Buying a cheap bike – anything much less than £300, let's say – is often a false economy. It probably won't be comfortable, efficient, and reliable enough for regular use. Getting a bike for less than £500 has some real advantages, however, even if you'll save 32% or more by obtaining it through Cyclescheme.
For one thing, the Government's 'acceptable disposal value' – the percentage of the original price that you pay at the end of the hire period – is lower for a bike that costs less than £500. It's 18% of the original value if you buy the bike after 12 months, compared with 25% for a bike costing £500 or more; and it's a mere 3%, compared with 7%, if you buy the bike after four years.
As the maximum bike-plus-equipment package value is £1,000 under the Cycle to Work scheme, a cheaper bike also leaves more money for everything from jackets and helmets to mudguards, racks, locks and lights. Even though the hybrid is the default commuter bike in the UK, most are sold as bare bikes, without key commuting accessories.
Exactly what you should expect when you're spending close to £500 on a hybrid will depend on what sort of hybrid it is: do-it-all hybrid, flat-bar road bike, trekking bike, etc. But here are some general guidelines.
The frame will be aluminium, which will save weight compared to steel. Most frames and forks will have eyelets to attach a pannier rack and mudguards. Some £500 hybrids will have a rigid fork, either steel or aluminium; others will have a budget, coil-spring suspension fork, which offers bump absorption at the cost of some extra weight. Suspension lockout improves efficiency on road, preload adjustment enables you to compress the spring so it doesn't sag too much under your weight, and rebound damping will stop the fork pogoing.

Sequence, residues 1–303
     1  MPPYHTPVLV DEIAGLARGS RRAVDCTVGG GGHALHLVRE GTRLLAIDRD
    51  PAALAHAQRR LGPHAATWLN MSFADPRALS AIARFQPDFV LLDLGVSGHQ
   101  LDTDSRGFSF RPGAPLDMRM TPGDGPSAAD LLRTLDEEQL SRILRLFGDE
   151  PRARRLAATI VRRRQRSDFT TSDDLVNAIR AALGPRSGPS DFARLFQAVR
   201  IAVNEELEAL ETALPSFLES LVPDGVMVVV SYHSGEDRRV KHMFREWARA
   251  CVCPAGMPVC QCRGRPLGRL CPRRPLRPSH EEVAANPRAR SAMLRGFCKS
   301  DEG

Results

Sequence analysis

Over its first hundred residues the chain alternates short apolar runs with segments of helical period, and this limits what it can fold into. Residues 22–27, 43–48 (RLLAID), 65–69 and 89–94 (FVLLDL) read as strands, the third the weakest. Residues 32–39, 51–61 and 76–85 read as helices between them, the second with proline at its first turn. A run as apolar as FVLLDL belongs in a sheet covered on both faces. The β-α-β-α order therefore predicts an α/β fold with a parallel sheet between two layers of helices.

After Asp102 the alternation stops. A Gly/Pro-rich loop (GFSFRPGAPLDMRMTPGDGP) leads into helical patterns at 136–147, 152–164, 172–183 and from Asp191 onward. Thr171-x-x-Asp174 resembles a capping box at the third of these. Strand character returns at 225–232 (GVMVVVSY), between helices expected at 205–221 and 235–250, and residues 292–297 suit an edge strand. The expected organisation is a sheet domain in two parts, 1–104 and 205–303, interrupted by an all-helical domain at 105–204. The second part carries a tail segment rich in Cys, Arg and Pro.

Between £400 and £500, you can expect 3x8-speed derailleur gearing such as Shimano Alivio, Altus or Acera. This is better quality than 7-speed, although it doesn't actually matter how many gears there are as long as they go low enough for you. Most hybrids have a good gear range, thanks to a 26-36-48 triple chainset and an 11-32 cassette – or something similar. Some flat-bar road bikes have a double chainset and a smaller cassette, which means higher gears.
Braking might be on the rim, via side-pull or direct-pull brakes, or at the hub, usually with mechanical disc brakes. Discs don't slowly wear the rim away, so are good option for a long-term commuter, but there's little difference in stopping power – unless they're hydraulic, which are in a different league.
Wheels will be 700C, the rim diameter of road bikes and 29er mountain bikes. Tyres might be anything from 25mm to 40mm or more. Thinner tyres take higher pressures so are faster on smooth roads, but fatter tyres are more comfortable – especially on bad roads. Look for 36 spokes per wheel rather than 32 if you're a heavier cyclist or will carry heavy loads.
Here are some good examples of hybrids under £500.
Marin Fairfax SC2